Jon: passionate pianist and Leonberger lover

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Brighton Host / Pianist & Teacher

“It(mushRoom) is also a great service, and primarily about sharing and people, which is maybe what music is missing nowadays.”

Based in the artistic bustling city of Brighton, Jon is a pianist, teacher and music enthusiast; when chatting, we were struck by Jon’s holistic approach to teaching and performing and how music has been a recurring source of inspiration and healing through his life. Jon’s Leonbergers ‘Chewy’ and ‘Solo’ bound about his bright musical home, which includes two spacious sound proofed musical studios, named the ‘Capra’ and ‘Vincent’ rooms after his old piano teacher and father. As a host, Jon is used to welcoming musicians into his home, including students, a music therapy charity and his mushRoom guests. We spoke to Jon about why music has been his solace through dark times and how hosting a space helps to promote musical communication, sharing and enjoyment.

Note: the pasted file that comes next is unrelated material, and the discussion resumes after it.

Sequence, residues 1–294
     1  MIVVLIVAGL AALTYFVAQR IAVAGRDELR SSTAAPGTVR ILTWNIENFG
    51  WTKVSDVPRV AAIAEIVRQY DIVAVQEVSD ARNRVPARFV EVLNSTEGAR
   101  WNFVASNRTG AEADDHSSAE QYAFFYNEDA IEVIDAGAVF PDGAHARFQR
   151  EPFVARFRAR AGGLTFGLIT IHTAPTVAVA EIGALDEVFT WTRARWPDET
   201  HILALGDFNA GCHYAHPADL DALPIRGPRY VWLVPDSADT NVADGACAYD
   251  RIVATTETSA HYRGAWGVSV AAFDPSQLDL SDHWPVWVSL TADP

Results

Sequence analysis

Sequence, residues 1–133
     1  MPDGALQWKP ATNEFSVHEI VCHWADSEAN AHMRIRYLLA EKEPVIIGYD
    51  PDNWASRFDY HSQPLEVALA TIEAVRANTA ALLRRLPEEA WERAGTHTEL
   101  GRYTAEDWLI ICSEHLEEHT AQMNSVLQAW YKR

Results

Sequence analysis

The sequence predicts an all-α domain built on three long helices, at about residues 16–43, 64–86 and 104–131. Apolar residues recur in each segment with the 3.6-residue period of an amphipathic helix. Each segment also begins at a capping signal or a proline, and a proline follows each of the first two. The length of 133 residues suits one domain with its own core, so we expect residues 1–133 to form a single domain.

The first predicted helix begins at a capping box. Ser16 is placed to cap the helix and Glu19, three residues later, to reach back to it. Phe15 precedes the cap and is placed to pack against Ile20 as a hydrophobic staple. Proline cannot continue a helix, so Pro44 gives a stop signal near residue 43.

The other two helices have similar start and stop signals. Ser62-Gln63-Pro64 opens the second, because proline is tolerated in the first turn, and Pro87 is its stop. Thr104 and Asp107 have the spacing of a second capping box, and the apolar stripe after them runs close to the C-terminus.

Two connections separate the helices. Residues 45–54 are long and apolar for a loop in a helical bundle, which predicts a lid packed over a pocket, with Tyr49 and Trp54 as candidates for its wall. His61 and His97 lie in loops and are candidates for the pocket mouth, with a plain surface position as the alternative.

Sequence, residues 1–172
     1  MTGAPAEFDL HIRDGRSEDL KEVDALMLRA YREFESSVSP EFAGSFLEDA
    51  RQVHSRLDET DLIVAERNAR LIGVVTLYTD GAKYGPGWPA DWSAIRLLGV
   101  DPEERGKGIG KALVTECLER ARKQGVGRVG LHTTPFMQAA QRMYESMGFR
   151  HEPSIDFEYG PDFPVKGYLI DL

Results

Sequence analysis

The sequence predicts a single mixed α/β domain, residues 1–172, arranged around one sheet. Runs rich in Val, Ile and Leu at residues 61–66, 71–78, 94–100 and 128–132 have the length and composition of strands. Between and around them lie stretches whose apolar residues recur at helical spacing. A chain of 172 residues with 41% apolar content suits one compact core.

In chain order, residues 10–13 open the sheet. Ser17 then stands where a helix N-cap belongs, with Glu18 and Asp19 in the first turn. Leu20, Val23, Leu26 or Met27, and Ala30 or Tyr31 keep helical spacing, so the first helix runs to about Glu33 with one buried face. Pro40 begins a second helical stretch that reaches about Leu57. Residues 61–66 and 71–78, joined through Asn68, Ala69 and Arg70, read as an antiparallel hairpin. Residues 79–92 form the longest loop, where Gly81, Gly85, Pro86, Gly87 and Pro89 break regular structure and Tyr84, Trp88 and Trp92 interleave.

How has your experience been as a mushRoom host so far?

JON
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I have had around eight bookings since the last lockdown eased and I have another tomorrow! I don’t really have time to advertise my space so it is really helpful to have mushRoom; it was great to meet Judy and chat about music spaces and there is a huge gap in the market for people on an extended visit somewhere who need practice space. For example, a couple of weeks ago I hosted a guy from America who was playing a difficult Scriabin sonata and making serious noise! Without mushRoom, where would he get that opportunity if he was staying in a bedsit?! I would go mad without access to a piano.